Mitigating risk aversion in medicines regulation in the interest of public health

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15/11/2013

Mitigating risk aversion in medicines regulation in the interest of public health

Excessive risk aversion in regulatory decision-making on medicines is not in the best interest of patients and public health, according to an article published today in Nature Reviews Drug Discovery by members of the European Medicines Agency (EMA) staff, including its Executive Director and Senior Medical Officer, chairs and members of EMA scientific committees, and representatives of national authorities.

"The negative consequences of regulatory tolerance in allowing drugs onto the market that turn out to be unsafe are obvious, but the potential for adverse effects on public health owing to the absence of new drugs because of regulatory risk-aversion is less apparent", highlight the authors.

In ‘The risks of risk aversion in drug regulation’, the authors argue that risk aversion could lead to denying a marketing authorisation to a medicine, withdrawing it from the market or restricting its use when it would in fact have caused more good than harm.

They also highlight the ‘opportunity costs’ associated with the unwillingness to accept some uncertainty, as resources for research and development (R&D) are finite and a regulator’s request for additional data might have the unintended consequence of making resources unavailable for R&D programmes on other medicines that could have brought public health gains.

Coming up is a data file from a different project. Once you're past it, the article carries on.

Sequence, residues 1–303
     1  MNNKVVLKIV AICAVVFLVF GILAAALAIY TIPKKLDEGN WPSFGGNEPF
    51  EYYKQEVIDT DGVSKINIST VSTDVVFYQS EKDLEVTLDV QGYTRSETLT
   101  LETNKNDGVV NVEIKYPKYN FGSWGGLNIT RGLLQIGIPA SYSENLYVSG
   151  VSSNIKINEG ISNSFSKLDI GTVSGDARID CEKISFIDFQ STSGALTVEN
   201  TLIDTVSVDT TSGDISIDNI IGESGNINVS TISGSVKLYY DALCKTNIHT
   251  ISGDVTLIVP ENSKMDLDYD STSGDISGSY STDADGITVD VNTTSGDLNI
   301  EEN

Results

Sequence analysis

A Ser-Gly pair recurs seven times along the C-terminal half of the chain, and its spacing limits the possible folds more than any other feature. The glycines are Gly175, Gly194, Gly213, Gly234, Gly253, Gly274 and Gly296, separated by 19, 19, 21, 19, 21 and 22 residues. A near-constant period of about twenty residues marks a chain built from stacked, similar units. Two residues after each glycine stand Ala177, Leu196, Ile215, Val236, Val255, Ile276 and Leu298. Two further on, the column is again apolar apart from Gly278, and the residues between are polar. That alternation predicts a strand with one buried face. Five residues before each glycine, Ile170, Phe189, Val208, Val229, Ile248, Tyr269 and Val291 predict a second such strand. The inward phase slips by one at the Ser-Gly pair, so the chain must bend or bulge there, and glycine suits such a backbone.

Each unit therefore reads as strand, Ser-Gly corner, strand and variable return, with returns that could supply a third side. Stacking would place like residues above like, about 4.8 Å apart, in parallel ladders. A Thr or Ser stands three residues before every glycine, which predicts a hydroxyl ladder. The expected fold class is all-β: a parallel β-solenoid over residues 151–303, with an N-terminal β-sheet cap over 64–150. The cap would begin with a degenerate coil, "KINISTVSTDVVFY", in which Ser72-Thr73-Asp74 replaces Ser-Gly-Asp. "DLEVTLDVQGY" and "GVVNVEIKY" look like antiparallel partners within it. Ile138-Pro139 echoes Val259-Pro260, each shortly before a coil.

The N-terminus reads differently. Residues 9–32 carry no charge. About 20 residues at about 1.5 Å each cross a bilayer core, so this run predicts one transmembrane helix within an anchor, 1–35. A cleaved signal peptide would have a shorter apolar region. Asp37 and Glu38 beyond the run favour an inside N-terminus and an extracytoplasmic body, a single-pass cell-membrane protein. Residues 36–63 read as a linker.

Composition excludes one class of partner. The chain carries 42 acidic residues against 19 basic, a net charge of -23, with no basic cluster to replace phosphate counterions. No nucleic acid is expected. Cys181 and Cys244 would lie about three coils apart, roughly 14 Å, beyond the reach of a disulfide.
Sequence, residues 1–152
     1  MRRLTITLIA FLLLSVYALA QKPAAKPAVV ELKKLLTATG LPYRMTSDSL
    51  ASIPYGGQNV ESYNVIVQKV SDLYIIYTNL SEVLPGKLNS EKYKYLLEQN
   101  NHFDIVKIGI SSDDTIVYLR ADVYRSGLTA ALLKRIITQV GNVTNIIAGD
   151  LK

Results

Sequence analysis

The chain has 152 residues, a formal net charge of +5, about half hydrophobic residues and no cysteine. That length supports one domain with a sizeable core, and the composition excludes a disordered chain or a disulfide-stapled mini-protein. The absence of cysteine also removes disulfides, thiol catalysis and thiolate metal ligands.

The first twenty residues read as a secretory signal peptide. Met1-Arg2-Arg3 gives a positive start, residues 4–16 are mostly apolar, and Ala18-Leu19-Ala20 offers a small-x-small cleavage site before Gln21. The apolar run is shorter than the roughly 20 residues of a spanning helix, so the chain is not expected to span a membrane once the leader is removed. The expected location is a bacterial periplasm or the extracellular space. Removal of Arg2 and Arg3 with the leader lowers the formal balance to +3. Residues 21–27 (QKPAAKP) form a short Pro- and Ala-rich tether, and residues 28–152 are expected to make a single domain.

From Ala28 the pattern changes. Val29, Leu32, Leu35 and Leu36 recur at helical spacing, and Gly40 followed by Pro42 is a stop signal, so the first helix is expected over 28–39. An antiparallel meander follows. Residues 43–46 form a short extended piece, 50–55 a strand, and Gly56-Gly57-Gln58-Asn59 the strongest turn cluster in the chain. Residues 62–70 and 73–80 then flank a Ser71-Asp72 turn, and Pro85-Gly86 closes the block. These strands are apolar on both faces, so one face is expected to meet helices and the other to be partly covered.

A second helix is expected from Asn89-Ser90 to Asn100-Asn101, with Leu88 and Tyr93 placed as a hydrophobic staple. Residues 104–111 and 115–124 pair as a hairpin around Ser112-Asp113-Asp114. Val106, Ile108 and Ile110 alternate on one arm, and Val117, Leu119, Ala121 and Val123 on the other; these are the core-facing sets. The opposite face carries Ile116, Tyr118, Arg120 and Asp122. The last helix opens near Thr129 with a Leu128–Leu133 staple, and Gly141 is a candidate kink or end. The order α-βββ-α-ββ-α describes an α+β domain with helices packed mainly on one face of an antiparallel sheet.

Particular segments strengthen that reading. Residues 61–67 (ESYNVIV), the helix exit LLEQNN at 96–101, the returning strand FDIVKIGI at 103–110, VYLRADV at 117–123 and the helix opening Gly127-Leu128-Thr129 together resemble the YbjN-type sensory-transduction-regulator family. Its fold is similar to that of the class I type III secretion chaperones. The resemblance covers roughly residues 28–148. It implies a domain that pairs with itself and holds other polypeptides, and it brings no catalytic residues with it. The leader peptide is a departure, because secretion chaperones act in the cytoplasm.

Therefore, the authors make the following suggestions to best align acceptance of risk and uncertainty by regulators with the best interests of public health:

  • Define ways to systematically include the patient view on the level of acceptable risk linked to a medicine, which may be different to regulators’ assumptions;
  • Reflect on methodologies to combine value judgements, including patients’ values, with interpretation of ‘hard’ data;
  • Develop the concept of ‘tolerability of risk’ thresholds for medicines evaluation, recognising that zero risk situations do not exist in real-world conditions;
  • Take into account the shift in medicines regulation towards an emphasis on surveillance of safety and effectiveness in the real world. Development of robust tools to enable real-time knowledge generation, faster decision-making and opportunities for risk minimisation measures should reduce the perceived need for risk aversion at the initial stage of licensing;
  • Allow medicines regulators to factor ‘opportunity costs’ into standards for evaluation of the benefit-risk of medicines and in individual marketing-authorisation decisions.

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